The food company said it now has 12 zero-waste facilities in North America and 24 in Europe. Kraft also said that it reduced its manufacturing waste, measured per ton of production, by 50 percent from 2005 to 2011. It has a target of cutting manufacturing plants’ waste output by 15 percent by 2015, from a 2010 baseline.
One Kraft plant in San Leandro and two in Fresno, California diverted more than 100 tons of food waste – such as corn skins – for use as animal feed, helping to cut waste to landfill about 26 percent since 2009. The Philadelphia cream cheese plant in Beaver Dam, Wisc. partnered with the city in 2010 and 2011 to build an anaerobic digester that turns whey waste into biogas.
And the Kraft coffee plant in St. Petersburg, Russia cut its waste to landfill by 90 percent, partly through turning 15,000 tons of spent coffee grounds into fertilizer for area farms.
Kraft estimates that solid waste generated from manufacturing accounts for more than 99 percent of its total waste, and that it currently recycles or reuses 90 percent of manufacturing waste.
In 2007, the company launched a program with packaging and recycling company Sonoco, using its Sonoco Sustainability Solutions (S3) consulting service. Through S3, Sonoco is helping a number of customers cut landfill waste. For example, Unilever’s Tipton Tea plant in Suffolk, Va., became a zero landfill facility in 2009 after working with Sonoco to identify recycling alternatives for develop a more comprehensive recycling program.
Sonoco announced a goal of moving five of its own U.S. manufacturing plants to virtually landfill-free status by the end of 2011, and making 10 percent of its manufacturing operations landfill-free by 2015.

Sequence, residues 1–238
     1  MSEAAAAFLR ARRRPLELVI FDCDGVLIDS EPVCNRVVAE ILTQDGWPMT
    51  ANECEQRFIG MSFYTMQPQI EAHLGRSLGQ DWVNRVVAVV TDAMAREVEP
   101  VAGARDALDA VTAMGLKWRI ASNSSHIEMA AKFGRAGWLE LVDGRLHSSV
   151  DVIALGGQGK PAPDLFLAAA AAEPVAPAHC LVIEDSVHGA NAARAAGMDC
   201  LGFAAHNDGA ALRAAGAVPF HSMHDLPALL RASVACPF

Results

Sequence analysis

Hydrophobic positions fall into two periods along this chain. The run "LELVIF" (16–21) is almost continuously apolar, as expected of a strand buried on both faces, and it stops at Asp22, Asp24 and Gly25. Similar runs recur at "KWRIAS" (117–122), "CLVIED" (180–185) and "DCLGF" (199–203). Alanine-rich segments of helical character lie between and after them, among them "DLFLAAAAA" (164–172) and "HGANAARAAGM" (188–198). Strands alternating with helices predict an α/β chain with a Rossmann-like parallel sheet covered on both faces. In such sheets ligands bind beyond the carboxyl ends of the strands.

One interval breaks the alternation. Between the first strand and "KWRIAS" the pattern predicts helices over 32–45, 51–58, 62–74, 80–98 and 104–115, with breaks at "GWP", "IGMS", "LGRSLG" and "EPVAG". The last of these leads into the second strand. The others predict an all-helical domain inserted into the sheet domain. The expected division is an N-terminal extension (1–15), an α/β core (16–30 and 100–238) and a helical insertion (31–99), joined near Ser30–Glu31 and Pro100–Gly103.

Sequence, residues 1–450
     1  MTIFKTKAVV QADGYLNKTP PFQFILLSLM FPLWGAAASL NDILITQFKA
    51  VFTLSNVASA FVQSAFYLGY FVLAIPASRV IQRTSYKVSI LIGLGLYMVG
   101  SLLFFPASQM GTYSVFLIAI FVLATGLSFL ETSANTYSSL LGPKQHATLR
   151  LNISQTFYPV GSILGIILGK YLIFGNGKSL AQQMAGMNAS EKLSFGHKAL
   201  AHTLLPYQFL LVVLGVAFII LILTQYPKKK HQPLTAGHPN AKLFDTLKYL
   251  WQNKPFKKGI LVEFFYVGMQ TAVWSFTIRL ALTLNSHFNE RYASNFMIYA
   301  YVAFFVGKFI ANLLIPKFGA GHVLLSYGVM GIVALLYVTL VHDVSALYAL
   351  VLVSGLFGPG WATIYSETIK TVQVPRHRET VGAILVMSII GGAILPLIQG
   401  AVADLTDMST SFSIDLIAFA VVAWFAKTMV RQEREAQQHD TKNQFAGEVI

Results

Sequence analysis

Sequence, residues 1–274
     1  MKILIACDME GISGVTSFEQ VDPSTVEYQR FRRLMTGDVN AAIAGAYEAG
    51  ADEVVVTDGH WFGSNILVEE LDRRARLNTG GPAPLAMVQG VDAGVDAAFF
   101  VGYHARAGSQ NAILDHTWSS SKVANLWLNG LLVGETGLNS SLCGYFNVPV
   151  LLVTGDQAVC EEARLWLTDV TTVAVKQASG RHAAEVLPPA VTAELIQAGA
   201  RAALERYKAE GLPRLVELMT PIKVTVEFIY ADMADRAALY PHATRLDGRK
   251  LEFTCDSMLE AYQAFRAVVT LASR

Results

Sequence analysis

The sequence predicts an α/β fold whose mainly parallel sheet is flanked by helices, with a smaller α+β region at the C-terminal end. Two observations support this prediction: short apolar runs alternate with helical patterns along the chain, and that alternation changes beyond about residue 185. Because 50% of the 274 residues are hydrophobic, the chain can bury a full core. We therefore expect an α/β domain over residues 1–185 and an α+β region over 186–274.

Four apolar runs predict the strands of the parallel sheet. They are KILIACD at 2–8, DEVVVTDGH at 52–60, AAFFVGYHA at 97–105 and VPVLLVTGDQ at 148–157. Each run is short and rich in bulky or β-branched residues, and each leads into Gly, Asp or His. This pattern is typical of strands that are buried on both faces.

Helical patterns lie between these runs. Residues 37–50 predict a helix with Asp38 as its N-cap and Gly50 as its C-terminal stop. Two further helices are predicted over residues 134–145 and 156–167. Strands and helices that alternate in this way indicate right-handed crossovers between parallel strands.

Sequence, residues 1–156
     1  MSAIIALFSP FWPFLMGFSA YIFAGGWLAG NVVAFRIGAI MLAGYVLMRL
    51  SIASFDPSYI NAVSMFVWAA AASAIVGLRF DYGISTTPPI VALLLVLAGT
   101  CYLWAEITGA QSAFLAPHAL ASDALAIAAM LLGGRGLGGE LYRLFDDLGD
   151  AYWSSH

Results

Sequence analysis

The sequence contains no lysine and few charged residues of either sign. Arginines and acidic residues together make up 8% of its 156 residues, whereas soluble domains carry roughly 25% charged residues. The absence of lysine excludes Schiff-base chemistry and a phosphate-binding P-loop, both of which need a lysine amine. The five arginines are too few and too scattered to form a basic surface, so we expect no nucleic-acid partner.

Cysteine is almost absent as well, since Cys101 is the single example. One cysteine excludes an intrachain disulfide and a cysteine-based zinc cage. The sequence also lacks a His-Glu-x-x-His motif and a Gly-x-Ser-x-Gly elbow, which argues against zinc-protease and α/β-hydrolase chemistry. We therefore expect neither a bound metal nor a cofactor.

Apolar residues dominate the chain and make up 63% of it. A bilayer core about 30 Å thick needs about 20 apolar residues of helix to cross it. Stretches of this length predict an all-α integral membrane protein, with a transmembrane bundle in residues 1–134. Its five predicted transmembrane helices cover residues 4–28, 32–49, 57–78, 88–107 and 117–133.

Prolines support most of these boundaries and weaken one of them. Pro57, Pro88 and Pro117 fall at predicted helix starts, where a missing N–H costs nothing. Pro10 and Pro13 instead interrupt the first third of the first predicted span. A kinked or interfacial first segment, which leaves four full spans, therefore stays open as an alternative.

As USA Today notes, corporate America is increasingly adopting zero waste to landfill strategies, with more and more making such announcements each month.
Subaru was an early adopter. Last April, the U.S. army said that eight installations will reach for zero landfill status by 2020. And this week, Ford announced that plants in Cologne, Genk in Belgium and Saarlouis in Germany are already waste-to-landfill free
A sampling of companies setting or achieving zero waste targets – just within the past year:
DuPont: The chemical sciences firm last month achieved zero waste to landfill status in its Building Innovations arm, driving waste output down by 81 million pounds over three years.
General Motors: GM last month said its number of landfill-free facilities rose from 0 in 2000 and 1 in 2005 to 76 in 2010, and in that year its facilities recycled 92 percent of the waste they generated. In November GM announced its Fort Wayne Assembly Plant had become its first U.S. factory to reach zero waste-to-landfill status.
Honda: Last July, the car company said it achieved zero waste to landfill status at ten of its 14 plants in North America, with the remaining plants achieving a “virtually zero” level.
Hasbro: Last year the toy company recycled 82 percent of its non-hazardous waste at its owned and operated facilities, and it says it sends zero waste to landfill from its U.S. manufacturing processes.
Supervalu: The company says two of its Albertsons outlets were the first stores in the U.S. to achieve zero-waste status, and says 40 locations will be zero waste by the end of this month.
Boeing: The aircraft maker said four of its facilities will send zero non-hazardous solid waste to landfills.
Frito-Lay: The snack food giant opened a “near net zero” plant in Arizona.
Heinz: The food company said its facility in Dundalk, Ireland is on “well on its way” to becoming zero waste-to-landfill.
Anvil Knitwear: The apparel company set a new goal of a zero waste to landfill stream by fiscal year 2020.
Avon: The cosmetics company has a target to reach zero waste to landfills by 2020. It is also aiming to reduce waste intensity by ten percent by 2012 from a 2008 baseline, and by 40 percent by 2020 from a 2005 baseline.
Wal-Mart: The retailer has said its eventual goal is to create zero waste.